A day in the life….

I recently got asked ‘what do you actually do other than watch rugby?’ Unfortunately, this was by my wife.

The life of a performance analyst differs drastically from team to team and club to club. You will find ‘performance analysts’ that just film games. For me, thats a cameraman. You will find ‘performance analysts’ that just code and you will find ‘performance analysts’ that have a deep input into how teams play and train. I prefer to be the latter but I do find that the more you ask to be involved with, the more involved you will get.

I’m currently working with Toronto Wolfpack Rugby League Club, the first Trans-Atlantic Professional Rugby League Team and it’s a dream position! Having just returned to the UK after playing our first three home games in Toronto at ‘The Den’ (Lamport Stadium), we then played South Wales Ironmen in Merthyr Tydfil and Workington. I’ll try and document a normal match day to allay the perception that all I do is watch rugby…

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Lamport Stadium (a.k.a The Den)

I’m lucky at the moment, in that it’s the off-season for Rugby Union. I perform ‘remote’ analysis services for a few different Union teams – Huddersfield RUFC (unbeaten in the league this year), Chester Academy (National champions), Yorkshire and North Age-Grades. This means that Saturday nights / Sundays and Mondays are often manic for me. As it’s the off-season, I only have Toronto to work on! Woo-hoo….

Workington is at least a 5 hour bus trip from our meeting point in Brighouse, near Halifax. So I set off at 1pm for the travel up and we get to the hotel just outside Workington at around 7pm. Prior to today, all the team details, the squad of 19 players, the staff and who will be physio and doctor have been confirmed and sent to the RFL. These need to be sent 48 hours prior to the game. Thankfully there are no amendments or injuries to the 19 man squad as this creates a whole load more work. Forms to complete, doctors signatures to acquire, people to inform, reasons of injury to assess, and red tape on red tape.

We arrive early evening  and the night consists of a meal and the coaching staff going through video with individual players. Tonight is a little different to most. As the players drift off to their rooms, the Workington directors arrive to welcome us to the North West. We spend a few hours chatting about rugby, the area and both clubs and it really is nice to visit a club that treats it’s opposition so well!

 

It’s game day – Sunday – and after getting breakfast, it’s off to the ground with the kit man, Simon at 11am. We get there early due to the amount of gear we have to set up for the game! Simon prepares the changing room whilst I go off to survey the ground and find a suitable spot for the coaching team to sit in the stands.

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The minimalist changing rooms at Workington

With super-league grounds, it’s pretty much all set up for you and it’s easy to get a video feed to use for your analysis software and replays. At a ground like Workington, it’s a new challenge every game! We’re fortunate that we have Premier Sports showing our games, so we are able to obtain a video feed from them. If we didn’t have them, we’d have to film our own games and take a feed from our one camera angle to use for all our analysis. Whilst taking Premier’s feed seems ideal, it does have it’s set backs in that we often want to look at things when they are showing replays of action. It’s a trade off that we’re willing to accept at this point in time!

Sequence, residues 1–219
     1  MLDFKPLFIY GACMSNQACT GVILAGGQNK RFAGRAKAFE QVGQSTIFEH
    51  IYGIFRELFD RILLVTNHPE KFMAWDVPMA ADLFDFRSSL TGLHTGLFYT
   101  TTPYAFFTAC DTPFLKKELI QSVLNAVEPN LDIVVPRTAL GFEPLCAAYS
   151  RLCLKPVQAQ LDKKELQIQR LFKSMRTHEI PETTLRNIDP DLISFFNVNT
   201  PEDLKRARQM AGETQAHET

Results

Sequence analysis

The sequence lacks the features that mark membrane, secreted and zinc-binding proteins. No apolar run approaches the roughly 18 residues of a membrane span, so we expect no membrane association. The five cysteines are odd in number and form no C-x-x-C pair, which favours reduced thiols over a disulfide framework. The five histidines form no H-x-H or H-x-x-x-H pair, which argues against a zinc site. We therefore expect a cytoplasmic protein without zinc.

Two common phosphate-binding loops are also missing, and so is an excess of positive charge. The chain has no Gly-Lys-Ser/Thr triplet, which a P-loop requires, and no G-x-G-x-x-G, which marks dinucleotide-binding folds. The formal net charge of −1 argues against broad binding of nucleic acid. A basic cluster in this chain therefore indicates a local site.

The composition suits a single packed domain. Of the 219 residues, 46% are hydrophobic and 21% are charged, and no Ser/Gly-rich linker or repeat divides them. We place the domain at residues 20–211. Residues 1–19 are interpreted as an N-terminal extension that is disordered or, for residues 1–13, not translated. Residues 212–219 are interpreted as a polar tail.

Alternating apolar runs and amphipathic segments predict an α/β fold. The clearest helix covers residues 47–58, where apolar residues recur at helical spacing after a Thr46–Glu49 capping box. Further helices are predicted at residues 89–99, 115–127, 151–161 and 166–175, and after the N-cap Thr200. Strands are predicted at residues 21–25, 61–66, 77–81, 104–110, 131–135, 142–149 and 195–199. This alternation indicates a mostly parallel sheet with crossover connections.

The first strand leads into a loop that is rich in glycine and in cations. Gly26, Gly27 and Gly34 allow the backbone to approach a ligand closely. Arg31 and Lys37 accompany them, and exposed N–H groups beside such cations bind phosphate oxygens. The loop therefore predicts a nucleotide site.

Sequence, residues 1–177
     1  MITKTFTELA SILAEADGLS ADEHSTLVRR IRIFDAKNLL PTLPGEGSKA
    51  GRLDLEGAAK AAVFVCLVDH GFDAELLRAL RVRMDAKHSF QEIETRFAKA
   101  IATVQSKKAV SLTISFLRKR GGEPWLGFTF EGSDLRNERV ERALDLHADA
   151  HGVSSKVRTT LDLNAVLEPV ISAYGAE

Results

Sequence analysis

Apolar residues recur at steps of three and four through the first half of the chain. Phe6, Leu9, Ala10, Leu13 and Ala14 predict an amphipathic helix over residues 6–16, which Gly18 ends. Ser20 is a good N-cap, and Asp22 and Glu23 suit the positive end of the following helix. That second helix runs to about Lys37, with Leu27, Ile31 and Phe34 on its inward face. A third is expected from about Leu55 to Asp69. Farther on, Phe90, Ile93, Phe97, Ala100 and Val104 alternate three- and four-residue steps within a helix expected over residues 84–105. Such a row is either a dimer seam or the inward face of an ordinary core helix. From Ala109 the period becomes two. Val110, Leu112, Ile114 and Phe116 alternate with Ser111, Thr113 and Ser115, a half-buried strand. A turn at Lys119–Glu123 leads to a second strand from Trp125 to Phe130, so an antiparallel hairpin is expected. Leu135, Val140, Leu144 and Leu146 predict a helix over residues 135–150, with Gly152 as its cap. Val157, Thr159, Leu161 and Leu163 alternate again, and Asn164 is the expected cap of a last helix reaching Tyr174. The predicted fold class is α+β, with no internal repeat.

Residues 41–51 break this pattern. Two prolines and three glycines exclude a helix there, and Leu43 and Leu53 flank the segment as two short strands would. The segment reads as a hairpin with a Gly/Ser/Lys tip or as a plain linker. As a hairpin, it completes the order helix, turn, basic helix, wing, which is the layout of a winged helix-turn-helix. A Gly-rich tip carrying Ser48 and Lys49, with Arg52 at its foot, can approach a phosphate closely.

Normally, we would sit on the TV gantry scaffold erected by Premier, however, they have used Workington’s very small gantry today and there’s no room for us. This means that we have to set up in the terracing of the stand and so we tape off a suitable area under the TV gantry.

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It’s not ideal as it’s in the middle of a very vociferous crowd but they gave us a steward to keep us safe!

He didn’t.

So pre-game, all the equipment is set up – video feeds connected to laptops via converters, software adjusted to accept the video. Monitoring screens set up for the replays and player details entered into our monitoring software. It’s not a complicated set up but it takes time to get going. Once everything is complete, I’ll go over and help Simon, the kit man, with anything else that may need to be done prior to the team arriving.

 

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The team arrive at Workington

Today is a little different. As the team arrives, we are told that there has been a crash on the M6 – the main motorway to Workington. The road is closed and the ref and 2 workington players stuck in the traffic. The game is delayed – firstly from 3pm to 3.30pm and then as it unfolds we realise that this may take some time. Kick off is put back to 4.30, then 4.55 and eventually we kick off at 5.15pm – 2 hours and 15 minutes late! As we knew it was going to be some time, our players got back on the coach and returned the 10 minutes to the hotel as we could not sit in the stiflingly small changing rooms for that long! I remained at the ground to look after the equipment and changing rooms and got quite a bit of verbal abuse from the home supporters blaming Toronto for the late kick off even though we were definitely all there, ready for kick off at 3!!

The game goes smoothly and as we rack up the points, I have all the information to hand that is needed by the coaching staff. At any time I’m able to let them know what is going within the game from stats point of view! At half time, these are all relayed to the players and we continue through the 2nd half. We end up on the right side of a 58-12 win, keeping our perfect league record which now stands at 11 and 0. Whilst everyone else ventures off to the changing room to celebrate, I start the transcoding and breakdown of equipment. 30 to 40 minutes later we’re back on the bus and I distribute the game to the coaches and start the conversion of the game video to allow coding in the analysis software and reviewing of the game which will start on the 5 hour journey back home!

As I hit bed at 12.30am Monday morning, I’m already thinking about the stats sheets I need to put together for the following day. Mondays are always a busy day in the life of an analyst….and no, I don’t just watch rugby.